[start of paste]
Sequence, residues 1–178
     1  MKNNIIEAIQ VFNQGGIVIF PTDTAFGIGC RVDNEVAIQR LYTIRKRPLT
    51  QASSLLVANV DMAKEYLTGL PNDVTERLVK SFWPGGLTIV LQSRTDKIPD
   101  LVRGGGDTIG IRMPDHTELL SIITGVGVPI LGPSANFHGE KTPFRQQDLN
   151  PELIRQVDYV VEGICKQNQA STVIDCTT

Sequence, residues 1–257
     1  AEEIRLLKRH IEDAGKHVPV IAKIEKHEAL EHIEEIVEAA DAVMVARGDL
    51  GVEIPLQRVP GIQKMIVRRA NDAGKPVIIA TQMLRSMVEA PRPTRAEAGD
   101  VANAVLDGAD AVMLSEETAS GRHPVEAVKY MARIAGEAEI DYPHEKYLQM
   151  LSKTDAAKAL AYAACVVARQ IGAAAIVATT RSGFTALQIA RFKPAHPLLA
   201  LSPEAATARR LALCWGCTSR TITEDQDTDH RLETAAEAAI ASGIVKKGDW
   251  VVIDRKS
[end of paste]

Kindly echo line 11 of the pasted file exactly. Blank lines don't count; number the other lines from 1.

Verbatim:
   201  LSPEAATARR LALCWGCTSR TITEDQDTDH RLETAAEAAI ASGIVKKGDW